Can Care Home Costs be Avoided?

The cost of long term care can be extremely high and seems to be ever increasing. For those paying for their own care, costs can quickly become unmanageable. For many consumers, the costs associated with care can end up wiping out savings, forcing the sale of their lifetime home, or exhausting all capital and income available. There is some financial assistance available to those who qualify through the state’s means test. However, this means test does not always work in everyone’s favour. The test does take into account all financial assets available, including a residence if one is owned. This means that many people do not qualify for full or partial funding from the state and are left to pay for care themselves. Those who are required to pay for their own long term care are referred to as self-funders.

There are a number of costs that go in to overall long term care and these costs can depend on where care is actually received, whether it be in a residential care home setting or in your own home. Costs of care in your own home can include paying for carers, costs of medication, and costs of any necessary medical equipment. Costs of mobility aids or any modifications to the home also need to be considered. Costs of care in a residential home include the care home fees, which vary but could range from about £400 – £900 per week, as well as costs for personal items, trips, and any other necessary needs.

On the whole, long term care can be very expensive, the costs can mount up rapidly, and your life savings may run out sooner than you think. This is simply the reality for those who are required to fund their own care. However, many consumers do end up finding creative and innovative ways to pay for their care, especially if they have given long term care some thought before they actually needed it. It is important to be prepared for such a situation, by planning for care funding. If you are already receiving care and are paying for care, taking out a care plan may be the right long term solution for you. If you do not yet need care but suspect that you might, it is never too early to start thinking about how you will fund it if you do not qualify for any assistance.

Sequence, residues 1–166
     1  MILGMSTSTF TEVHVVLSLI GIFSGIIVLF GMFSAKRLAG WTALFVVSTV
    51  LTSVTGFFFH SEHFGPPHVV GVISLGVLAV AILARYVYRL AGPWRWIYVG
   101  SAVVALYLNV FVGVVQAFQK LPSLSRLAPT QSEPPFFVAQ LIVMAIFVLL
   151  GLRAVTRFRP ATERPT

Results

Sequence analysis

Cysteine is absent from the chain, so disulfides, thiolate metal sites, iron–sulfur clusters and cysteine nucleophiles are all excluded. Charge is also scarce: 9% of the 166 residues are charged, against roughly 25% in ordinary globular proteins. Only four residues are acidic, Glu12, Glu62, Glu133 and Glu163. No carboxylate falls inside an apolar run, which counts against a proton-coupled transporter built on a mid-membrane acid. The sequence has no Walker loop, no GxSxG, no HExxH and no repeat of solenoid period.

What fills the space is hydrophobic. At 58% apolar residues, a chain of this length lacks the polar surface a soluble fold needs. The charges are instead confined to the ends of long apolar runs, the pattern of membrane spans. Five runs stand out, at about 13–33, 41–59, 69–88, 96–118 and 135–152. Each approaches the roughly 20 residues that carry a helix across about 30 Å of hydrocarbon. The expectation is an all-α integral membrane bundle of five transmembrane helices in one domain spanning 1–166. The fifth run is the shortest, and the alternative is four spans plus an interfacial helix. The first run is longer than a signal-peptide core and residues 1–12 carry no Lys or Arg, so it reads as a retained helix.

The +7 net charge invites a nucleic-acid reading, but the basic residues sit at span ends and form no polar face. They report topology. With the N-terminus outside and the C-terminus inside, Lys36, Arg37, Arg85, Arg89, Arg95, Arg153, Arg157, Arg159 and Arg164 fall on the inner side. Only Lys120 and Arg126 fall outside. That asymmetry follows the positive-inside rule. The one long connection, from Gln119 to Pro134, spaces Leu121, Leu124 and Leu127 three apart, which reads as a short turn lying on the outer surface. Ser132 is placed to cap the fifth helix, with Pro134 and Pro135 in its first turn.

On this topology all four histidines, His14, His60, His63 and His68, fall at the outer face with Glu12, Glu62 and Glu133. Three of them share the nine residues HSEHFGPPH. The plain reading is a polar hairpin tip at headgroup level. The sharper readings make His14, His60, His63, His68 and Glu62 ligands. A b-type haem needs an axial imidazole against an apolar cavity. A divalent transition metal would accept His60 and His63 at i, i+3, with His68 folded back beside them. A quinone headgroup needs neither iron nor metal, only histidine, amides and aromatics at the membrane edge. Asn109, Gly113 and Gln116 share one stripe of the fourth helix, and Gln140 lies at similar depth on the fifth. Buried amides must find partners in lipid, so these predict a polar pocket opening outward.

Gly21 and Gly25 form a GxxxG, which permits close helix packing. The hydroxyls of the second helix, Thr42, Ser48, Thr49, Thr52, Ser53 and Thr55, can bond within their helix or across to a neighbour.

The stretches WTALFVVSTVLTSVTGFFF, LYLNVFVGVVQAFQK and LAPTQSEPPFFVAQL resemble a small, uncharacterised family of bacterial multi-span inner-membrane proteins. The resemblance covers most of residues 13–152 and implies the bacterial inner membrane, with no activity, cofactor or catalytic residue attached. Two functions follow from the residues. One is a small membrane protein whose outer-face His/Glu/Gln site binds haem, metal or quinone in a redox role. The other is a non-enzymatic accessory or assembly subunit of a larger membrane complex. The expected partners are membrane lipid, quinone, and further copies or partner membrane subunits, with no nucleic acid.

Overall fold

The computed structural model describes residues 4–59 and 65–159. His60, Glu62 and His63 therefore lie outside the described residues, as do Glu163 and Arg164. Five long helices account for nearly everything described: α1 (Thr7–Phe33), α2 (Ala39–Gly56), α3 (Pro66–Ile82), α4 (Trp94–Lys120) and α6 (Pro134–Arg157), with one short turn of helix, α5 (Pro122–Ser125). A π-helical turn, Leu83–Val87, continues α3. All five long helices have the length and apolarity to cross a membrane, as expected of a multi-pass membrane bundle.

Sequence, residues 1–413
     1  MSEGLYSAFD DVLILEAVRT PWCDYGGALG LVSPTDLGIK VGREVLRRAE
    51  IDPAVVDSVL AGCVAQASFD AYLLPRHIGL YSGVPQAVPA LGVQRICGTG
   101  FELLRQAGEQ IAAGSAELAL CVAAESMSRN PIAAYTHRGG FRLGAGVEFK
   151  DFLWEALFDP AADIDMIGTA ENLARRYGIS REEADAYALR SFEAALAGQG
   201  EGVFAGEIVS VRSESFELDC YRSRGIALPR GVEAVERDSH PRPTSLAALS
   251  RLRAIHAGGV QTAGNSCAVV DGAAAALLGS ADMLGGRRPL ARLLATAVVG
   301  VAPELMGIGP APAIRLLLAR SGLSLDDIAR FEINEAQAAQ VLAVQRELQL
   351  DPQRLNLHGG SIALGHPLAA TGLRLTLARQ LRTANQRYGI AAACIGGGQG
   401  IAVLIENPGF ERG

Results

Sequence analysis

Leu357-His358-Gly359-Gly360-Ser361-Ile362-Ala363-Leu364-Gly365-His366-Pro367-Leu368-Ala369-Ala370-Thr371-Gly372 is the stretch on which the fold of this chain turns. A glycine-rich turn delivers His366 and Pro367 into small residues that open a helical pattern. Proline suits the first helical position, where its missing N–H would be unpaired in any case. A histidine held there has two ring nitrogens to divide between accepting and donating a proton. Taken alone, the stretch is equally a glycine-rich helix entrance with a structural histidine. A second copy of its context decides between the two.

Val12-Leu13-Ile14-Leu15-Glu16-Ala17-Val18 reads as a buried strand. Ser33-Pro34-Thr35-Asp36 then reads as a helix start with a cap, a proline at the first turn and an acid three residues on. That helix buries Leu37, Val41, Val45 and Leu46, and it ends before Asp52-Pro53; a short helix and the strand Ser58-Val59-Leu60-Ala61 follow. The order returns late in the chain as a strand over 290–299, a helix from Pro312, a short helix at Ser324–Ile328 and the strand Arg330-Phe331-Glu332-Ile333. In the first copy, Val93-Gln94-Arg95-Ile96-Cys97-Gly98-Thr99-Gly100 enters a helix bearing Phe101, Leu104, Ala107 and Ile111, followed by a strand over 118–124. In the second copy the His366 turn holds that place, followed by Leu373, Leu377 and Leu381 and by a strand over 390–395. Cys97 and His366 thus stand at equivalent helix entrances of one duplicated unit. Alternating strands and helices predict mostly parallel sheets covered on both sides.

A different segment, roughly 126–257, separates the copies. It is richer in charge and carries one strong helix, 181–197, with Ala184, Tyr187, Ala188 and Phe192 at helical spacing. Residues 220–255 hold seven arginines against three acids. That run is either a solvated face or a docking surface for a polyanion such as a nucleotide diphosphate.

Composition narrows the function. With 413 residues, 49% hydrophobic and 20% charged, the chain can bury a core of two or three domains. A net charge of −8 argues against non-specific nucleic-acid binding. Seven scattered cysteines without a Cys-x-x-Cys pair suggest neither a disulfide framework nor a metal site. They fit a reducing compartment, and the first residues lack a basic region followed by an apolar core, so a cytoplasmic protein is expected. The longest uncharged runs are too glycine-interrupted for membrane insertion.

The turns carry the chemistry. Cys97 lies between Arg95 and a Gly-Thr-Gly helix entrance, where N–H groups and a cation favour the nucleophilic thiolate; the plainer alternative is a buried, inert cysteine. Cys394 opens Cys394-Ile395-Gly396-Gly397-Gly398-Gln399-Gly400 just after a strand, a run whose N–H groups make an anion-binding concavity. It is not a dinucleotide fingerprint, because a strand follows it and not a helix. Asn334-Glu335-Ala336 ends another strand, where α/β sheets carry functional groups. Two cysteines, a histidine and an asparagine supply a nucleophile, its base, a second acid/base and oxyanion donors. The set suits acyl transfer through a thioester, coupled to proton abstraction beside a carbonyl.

If the local authority has arranged for you to enter a care home, it will conduct a means test to assess whether you need to contribute towards paying for some of those care fees. Many consumers start to think about how best to manipulate their financial situation in order to ensure that they qualify for some level of assistance. This deliberate manipulation of finances in order to qualify for benefits is known as asset deprivation. This is a way to reduce your assets by means of careful planning so that you can put your assets to good use, and also qualify for state benefits to pay for your long term care. There are rules in place against deliberate reduction of assets in order to qualify for funding. The most popular way for consumers to lessen or eliminate their assets is to gift away those things that are most valuable, such as their home. Some consumers will gift away their home to their child or other beneficiary. However, deliberately lessening assets in order to qualify for care will not always achieve the desired result. In fact, with the rules that are currently in place, if you are deemed to have deliberately gifted away anything of value for the sole purpose of receiving benefits, you may still be required to contribute to your care. This is regardless of whether or not your new financial picture will be enough for you to pay for care. Of course, it does have to be proven that you gave away property or other assets for the sole reason of qualifying for benefits. However, it may not be a risk worth taking if you are deemed to have done so deliberately.

If you are actually considering transferring some of your assets to someone else ahead of a means test for the cost of long term care, it is important to consult a financial advisor. A professional advisor can help to plan your finances and guide you according to current regulations. They can also give impartial expert advice about the potential advantages and pitfalls of certain steps that you may want to take. A financial advisor can also be helpful to you in regards to the overall general preparations leading up to financing your long term care. It is really never too early to start thinking about how you will pay for care, especially if you suspect that you will need it at some point.